Nobody wants to study that hard, get those good grades, possibly take on student loan debt, and then graduate with that shiny new engineering degree only to discover that there are no jobs for them, that every engineering job listing requires a minimum 3-5 years experience which they obviously don't yet have and which they will never get if no company ever hires fresh-outs.
The question asked in the headline should not be "how do you show engineering can be 'cool'?" but "how do you show that engineering can be a career and not just a hobby?"
I think that you are right Frank. In some sense it is about the money. Our best and brightest want to be hedge fund managers, not engineers. When I look at women in STEM I see them clustering in a few areas like chemical, biomedical, and environmental engineering. So there is something to the fact that as the numbers of women rise in these fields even more women are attracted to them.
I would venture to say that virtually everyone that has a successful career in engineering started their pursuit because of a "coolness".
If it isn't cool, they will be out of engineering shortly after starting.
At least that's how it works in America, Europe and Britain.
Due to globalization (read China, India, Russia, Eastern Europe, Brazil) STEM has become too competitive. The need to come up constantly with new ideas and products has never been so high, and salaries in the West due to the high government taxes are under pressure, as an engineer in the West is still costing 2 to 3 times as much as in the upcoming countries. As a lawyer, or physician the professional field is evolving much slower and pressure is only local, not global.
In order to make engineering 'cool' to the masses, take a page out of the 'Hollywood Blockbuster Film Formula'
#1 Start with a car chase to grab their attention
#2 Add multiple explosions ... then add more.
#3 Wave a flag
#4 Have a gunfight (even better if accompanied by explosions)
#5 Show a love interest
#6 Add a few more explosions (while waving a flag)
#7 Show impossible technology saving the world
#8 Have the love interest blow something up
#9 Have another 10 thousand round gunfight that magically stops the moment the bad guy dies.
#10 Kiss the girl (surrounded by blown up wreckage, bullet holes and a flag waving in the background)
Follow this time tested formula and you're guaranteed to make engineering 'cool' ... either that or $150 million at the box office :)
Engineering can be made "cool" for the mass market by showing the connection to companies which make cool stuff: Google, Facebook, Apple, for example. Also Ford, GM, and Tesla. This connection must be made early in education (prior to high school), in order to inspire students to start on the path of STEM education. Engineering school is hard, and relatively few engineering grads will hit the start-up jackpot, so their passion must be fed by the intrinsic rewards of working in a creative profession, working on cool stuff (with tangible results), understanding how things work, and solving difficult problems.
"This connection must be made early in education"
Absolutely. My sister is a VP of Engineering at Boeing - in a recent STEM related interview, she stressed how growing up with a father who was an architect, industrial designer and always working on "cool" things was critical to her early interest in engineering. Like you, she believes that the "cool" of STEM needs to be introduced at a young age. I think that means schools need to have neat demonstrations, builder projects and so on to encourage an interest in design, making and innovation.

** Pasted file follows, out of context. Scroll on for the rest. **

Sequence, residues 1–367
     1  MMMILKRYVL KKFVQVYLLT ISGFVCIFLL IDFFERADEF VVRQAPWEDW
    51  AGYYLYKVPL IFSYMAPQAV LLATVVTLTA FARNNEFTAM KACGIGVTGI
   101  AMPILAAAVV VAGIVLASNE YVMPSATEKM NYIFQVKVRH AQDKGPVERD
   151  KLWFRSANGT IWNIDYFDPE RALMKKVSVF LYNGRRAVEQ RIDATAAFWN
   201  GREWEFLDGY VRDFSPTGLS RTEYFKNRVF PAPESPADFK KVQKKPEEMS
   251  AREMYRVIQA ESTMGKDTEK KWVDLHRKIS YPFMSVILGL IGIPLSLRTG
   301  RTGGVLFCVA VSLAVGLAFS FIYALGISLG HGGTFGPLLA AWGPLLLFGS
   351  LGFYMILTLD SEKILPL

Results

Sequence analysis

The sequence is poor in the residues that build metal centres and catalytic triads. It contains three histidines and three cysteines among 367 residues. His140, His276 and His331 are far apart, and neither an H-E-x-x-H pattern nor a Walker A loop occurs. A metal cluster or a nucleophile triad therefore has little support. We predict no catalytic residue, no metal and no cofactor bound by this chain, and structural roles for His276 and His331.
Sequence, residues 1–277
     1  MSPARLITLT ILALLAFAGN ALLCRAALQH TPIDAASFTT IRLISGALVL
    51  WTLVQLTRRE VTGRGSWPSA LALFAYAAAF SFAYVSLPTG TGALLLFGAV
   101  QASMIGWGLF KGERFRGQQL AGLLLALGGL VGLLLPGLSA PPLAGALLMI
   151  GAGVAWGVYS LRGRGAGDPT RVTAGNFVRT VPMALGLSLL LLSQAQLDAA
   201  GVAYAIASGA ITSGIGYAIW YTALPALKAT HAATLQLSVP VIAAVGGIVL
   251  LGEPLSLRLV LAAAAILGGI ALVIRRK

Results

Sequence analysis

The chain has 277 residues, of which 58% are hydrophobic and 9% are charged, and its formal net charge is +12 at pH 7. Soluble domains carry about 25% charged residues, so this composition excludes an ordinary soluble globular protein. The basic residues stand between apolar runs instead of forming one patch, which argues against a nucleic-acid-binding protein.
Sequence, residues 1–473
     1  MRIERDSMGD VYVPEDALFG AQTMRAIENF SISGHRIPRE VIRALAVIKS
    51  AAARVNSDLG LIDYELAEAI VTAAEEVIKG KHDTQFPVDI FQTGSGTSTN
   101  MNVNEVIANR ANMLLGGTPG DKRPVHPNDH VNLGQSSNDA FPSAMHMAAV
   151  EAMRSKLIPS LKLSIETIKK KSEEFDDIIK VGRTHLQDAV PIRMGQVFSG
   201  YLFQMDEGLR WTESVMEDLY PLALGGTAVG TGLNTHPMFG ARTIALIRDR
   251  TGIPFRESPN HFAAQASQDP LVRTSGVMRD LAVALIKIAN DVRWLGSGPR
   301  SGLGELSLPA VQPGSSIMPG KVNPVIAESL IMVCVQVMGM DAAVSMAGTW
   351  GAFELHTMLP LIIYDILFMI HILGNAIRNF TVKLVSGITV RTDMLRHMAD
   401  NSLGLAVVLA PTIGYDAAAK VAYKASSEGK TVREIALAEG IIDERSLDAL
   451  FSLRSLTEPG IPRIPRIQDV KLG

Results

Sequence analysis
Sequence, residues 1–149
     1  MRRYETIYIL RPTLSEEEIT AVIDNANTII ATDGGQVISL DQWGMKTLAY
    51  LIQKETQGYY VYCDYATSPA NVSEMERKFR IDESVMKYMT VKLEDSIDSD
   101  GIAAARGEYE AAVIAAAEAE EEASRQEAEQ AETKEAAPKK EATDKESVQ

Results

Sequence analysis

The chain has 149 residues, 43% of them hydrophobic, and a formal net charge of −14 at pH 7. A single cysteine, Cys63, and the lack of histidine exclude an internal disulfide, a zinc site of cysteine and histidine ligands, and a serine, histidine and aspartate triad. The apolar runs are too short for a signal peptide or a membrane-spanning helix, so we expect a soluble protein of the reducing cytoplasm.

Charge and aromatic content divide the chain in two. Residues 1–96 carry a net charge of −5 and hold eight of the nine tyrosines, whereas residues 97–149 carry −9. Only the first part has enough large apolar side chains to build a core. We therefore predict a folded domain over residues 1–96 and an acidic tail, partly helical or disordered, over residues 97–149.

I agree with previous comments posted all of u. Engineering is amazingly cool. It is the individual, albeit a student or an engineer, to make the best out of it. It is not that much to credit for the best curriculum, the best lecturers, the schools or even the most popular companies dying to work for.
As some have earlier mentioned, such publicity only shows to non-engineering sector that engineering is lacking self esteem and hungry for recognition.
Still, the focus should be increasing the job value of engineering career because youngsters look forward to financial sustainabilty for retirement or at least a job to work for long term employment.
The "elephant in the room" is that even when there are engineering JOBS there aren't engineering CAREERS because at the first "excuse" (change of strategy) engineers get laid off instead of being retrained for the new requirement. Yes in many cases the position is just outsourced anyway, but even when that happens how frequently have you heard about the outgoing employee having to train the offshore replacement for his OWN job but unable to get the company to put up the resources to upgrade his skillset to the new "requirement" in the first place (assuming that isn't just an excuse too)? I'm old enough to remember when you could take your choice between a "tech track" and a "management track" and yes I do understand why that concept has been obsoleted by worldwide competition. But that just makes it REALLY hard to understand why the concept of "tenure" is still supported and valued in the field of education, but for the engineers who make up the "student body" for continuing education the very NOTION of a stable engineering career is wildly unrealistic! What's "good for the goose" isn't - oh never mind!! But I certainly agree that enticing young students into science fairs and robotic competitions and using "fun" experiences like that to lure them into a field where careers are next to impossible to achieve is just about criminal, although I don't seem to have as much support for that opinion as I would have thought.